Other large linear shoals include Norman's Bar, which is separated from Hotel Bar by the Intracoastal Waterway, Cat Point Bar, East Hole Bar, Platform Bar, and Porter's Bar. Cat Point Bar extends southeastward from the eastern side of Cat Point and connects with Platform Bar. East Hole Bar extends northwest from St. George Island and merges with Cat Point Bar (fig. 6). This complex of bars forms a nearly continuous string of shoals across the bay that is only broken by two narrow, deeper gaps. The channel between Pelican and Platform Bars exceeds 6 m depth. The channel that separates Cat Point Bar from East Hole Bar was not completely surveyed by this study, but, where surveyed, the channel reaches 4.9 m immediately west of the Bryant Patton Bridge at its northwestern end and 3.2 m at its southeastern end near Platform Bar. The navigation chart shows that the section not surveyed by this study reaches depths between 1.5 and 2 m (NOAA, 1996). The Intracoastal Waterway is dredged through East Hole Bar to depths exceeding 4 m (fig. 8). The easternmost of the large linear shoals is Porter's Bar, which extends from the northern shore of St. George Sound southeastward for 4 km. The crests of the linear shoals rise to within 1 m of the bay surface, with the exception of Norman's Bar, whose crest is 2 - 2.5 m deep. The linear shoals are unique because they are asymmetrical, with steeper, west-facing sides (fig. 9).
The small shoals are less than 1.5 km in length, are isolated from the shoreline, and have a variety of orientations (fig. 6). One cluster of these shoals, located east of St. Vincent Bar, includes Cable Lumps, North Spur, Sugar Lumps, and West Lumps. A second cluster lies south of the John Gorrie Bridge. It includes a discontinuous string of linear to circular mounds that lie immediately north of Norman's Bar and the East Lumps. Two small shoals, Green Point Bar and an unnamed shoal, are found east of Porter's Bar.
The small shoals have varied orientations. In the eastern part of St. George Sound, Green Point Bar and the unnamed shoal trend northwest-southeast, while shoals north of Norman's Bar trend north-south, and shoals in the western part of Apalachicola Bay, West, Cable, Sugar Lumps, and North Spur, display no dominant orientation. These smaller shoals have less relief than the large linear shoals, and their crests are generally deeper than 2 m. Most of the small shoals are asymmetrical, with steeper, west-facing sides (fig. 9), but several symmetrical shoals lie in the central part of Apalachicola Bay, between Norman's Bar and the John Gorrie Bridge.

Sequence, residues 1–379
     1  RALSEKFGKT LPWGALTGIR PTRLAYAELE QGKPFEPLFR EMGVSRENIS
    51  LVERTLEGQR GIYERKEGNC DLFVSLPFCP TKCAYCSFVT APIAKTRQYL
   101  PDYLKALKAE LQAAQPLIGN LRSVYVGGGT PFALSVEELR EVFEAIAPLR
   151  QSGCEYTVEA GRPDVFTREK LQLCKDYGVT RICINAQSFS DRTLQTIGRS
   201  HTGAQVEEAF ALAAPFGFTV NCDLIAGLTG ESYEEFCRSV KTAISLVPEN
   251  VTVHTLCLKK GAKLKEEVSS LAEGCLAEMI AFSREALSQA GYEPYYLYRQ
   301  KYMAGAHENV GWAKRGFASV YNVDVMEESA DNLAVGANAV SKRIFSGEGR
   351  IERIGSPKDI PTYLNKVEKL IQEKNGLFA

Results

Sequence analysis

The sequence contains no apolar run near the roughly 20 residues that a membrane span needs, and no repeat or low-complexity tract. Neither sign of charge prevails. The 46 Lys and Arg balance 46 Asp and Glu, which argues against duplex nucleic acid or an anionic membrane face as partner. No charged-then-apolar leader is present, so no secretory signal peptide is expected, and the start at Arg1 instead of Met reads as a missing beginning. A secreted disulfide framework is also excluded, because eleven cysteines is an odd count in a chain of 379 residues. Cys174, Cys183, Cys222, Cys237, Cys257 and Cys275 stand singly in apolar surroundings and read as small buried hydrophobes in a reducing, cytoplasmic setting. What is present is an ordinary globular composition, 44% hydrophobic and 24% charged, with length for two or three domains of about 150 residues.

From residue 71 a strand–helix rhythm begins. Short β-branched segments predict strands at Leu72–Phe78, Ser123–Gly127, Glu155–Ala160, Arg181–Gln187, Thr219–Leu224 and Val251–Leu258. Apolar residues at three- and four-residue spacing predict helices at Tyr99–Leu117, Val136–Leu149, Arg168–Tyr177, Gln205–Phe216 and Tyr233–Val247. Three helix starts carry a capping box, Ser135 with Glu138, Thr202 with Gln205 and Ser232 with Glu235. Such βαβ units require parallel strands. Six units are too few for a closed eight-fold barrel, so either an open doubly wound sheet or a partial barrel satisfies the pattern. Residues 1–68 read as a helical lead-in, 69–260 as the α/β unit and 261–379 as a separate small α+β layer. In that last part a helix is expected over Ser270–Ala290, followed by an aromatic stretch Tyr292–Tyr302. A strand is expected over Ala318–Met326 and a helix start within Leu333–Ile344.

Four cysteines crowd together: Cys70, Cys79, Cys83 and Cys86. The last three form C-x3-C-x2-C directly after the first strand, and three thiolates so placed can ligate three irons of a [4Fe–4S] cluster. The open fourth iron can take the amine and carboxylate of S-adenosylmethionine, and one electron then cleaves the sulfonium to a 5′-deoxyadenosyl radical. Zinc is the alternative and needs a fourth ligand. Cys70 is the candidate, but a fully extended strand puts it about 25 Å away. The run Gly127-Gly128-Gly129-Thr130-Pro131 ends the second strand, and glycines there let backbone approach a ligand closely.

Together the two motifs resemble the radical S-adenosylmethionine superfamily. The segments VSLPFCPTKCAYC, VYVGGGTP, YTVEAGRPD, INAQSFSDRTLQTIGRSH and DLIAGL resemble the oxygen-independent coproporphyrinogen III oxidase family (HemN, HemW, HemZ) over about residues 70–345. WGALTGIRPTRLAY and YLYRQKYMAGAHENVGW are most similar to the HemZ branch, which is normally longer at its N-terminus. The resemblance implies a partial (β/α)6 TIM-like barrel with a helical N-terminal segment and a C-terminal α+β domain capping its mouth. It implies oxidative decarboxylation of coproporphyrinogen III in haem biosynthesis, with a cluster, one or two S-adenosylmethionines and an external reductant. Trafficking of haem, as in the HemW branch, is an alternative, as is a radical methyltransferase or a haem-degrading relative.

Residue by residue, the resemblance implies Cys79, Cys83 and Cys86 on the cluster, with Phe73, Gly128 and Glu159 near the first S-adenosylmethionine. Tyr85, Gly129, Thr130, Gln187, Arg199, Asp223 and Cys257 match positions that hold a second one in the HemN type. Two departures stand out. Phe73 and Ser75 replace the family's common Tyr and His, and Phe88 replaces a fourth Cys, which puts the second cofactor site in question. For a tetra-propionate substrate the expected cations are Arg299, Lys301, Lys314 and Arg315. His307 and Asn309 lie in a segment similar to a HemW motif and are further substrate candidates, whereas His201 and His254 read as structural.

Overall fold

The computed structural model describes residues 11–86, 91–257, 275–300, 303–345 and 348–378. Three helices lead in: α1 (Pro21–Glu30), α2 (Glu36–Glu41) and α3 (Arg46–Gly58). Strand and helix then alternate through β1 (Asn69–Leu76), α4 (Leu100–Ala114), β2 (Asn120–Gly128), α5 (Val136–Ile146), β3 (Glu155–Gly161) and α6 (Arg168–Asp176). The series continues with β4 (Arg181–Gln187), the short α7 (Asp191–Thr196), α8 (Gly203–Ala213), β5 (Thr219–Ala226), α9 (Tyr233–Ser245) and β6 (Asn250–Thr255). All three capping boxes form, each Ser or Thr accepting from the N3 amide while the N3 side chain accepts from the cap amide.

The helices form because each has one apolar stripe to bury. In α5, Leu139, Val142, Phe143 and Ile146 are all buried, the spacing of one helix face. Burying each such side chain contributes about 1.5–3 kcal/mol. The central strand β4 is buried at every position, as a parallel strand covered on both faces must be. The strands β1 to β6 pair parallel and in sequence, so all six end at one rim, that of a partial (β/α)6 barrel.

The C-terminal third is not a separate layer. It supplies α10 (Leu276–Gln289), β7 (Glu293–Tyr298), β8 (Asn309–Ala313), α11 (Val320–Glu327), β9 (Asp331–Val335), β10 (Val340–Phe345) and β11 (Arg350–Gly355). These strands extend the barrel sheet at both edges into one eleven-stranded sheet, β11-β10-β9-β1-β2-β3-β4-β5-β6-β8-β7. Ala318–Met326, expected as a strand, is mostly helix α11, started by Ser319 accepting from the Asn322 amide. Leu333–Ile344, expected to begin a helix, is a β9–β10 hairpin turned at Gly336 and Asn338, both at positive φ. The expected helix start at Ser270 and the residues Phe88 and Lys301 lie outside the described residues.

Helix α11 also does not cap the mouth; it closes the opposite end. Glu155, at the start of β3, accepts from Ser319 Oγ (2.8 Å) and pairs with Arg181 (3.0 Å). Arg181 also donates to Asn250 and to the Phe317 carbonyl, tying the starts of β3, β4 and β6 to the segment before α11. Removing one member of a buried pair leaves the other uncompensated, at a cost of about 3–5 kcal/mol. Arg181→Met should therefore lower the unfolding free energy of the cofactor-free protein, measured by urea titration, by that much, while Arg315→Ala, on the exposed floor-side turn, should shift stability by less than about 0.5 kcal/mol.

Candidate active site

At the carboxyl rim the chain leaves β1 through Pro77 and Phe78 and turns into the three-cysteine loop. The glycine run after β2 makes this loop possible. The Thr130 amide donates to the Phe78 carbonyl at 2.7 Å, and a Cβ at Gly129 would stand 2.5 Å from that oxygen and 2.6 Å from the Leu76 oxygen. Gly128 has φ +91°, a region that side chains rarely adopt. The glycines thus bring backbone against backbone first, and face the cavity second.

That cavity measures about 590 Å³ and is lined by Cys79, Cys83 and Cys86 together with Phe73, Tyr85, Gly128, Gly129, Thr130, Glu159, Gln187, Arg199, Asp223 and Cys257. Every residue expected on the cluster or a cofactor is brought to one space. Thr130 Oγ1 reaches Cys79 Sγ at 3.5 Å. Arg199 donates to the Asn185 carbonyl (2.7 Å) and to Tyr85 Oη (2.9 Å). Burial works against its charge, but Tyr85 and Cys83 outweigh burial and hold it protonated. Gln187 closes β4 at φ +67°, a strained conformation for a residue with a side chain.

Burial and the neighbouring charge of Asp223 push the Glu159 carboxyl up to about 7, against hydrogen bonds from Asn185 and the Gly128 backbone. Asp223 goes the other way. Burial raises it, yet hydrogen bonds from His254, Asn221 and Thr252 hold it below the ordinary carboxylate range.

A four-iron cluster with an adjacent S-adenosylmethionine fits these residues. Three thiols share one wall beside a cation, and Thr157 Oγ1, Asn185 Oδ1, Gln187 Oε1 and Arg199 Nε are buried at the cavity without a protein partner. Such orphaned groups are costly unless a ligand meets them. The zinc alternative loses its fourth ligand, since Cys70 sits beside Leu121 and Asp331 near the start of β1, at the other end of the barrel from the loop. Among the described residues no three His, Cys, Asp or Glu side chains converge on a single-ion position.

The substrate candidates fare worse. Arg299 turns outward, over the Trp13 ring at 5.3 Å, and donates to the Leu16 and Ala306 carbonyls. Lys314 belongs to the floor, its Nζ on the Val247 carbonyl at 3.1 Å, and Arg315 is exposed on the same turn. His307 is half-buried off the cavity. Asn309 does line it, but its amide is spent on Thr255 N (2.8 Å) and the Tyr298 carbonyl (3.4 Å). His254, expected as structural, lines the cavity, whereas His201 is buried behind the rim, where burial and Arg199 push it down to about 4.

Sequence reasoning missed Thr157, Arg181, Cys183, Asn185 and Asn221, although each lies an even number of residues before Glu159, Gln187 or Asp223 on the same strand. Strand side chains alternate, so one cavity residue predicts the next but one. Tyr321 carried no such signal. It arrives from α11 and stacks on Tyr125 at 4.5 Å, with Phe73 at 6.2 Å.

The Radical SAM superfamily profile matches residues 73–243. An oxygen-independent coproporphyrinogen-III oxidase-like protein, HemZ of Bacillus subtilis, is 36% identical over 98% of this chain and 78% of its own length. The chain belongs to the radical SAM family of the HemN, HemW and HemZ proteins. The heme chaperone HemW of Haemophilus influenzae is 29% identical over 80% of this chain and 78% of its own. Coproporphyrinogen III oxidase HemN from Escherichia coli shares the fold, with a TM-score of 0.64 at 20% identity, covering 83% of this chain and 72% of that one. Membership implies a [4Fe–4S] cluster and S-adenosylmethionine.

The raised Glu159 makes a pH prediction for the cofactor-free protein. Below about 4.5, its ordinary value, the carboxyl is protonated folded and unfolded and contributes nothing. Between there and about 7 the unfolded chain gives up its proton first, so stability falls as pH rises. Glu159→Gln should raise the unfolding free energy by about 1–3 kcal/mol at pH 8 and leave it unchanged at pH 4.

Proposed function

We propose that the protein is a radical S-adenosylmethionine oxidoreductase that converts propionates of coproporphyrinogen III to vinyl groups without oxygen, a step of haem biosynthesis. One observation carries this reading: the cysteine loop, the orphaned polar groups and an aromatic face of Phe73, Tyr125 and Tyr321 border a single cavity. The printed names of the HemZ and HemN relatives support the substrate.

A pronounced, anthropogenic feature of the bay floor is the Intracoastal Waterway. This dredged channel starts near the eastern edge of the survey area, weaves around the shoals in St. George Sound, cuts across East Hole Bar, and extends westward to the central part of Apalachicola Bay, where it turns north and leads to the mouth of the Apalachicola River (fig. 4). The channel is 3 - 5 m deep along much of its length, and the dredge spoils deposited along its southern side are clearly visible in figure 6. Along some sections of the channel, the spoils form a continuous ridge with a crest as shallow as 1.7 m, while in other areas, they form discrete, circular mounds that are less than 200 m in diameter with crests 1.9 - 3.5 m deep (fig. 8).
Click on figures for larger images and complete captions.
Title | Figures | 1-Introduction | 2-Data Collection and Processing | 3- Geologic Interpretation | 4-References | 5-Maps | Spatial Data | Acknowledgments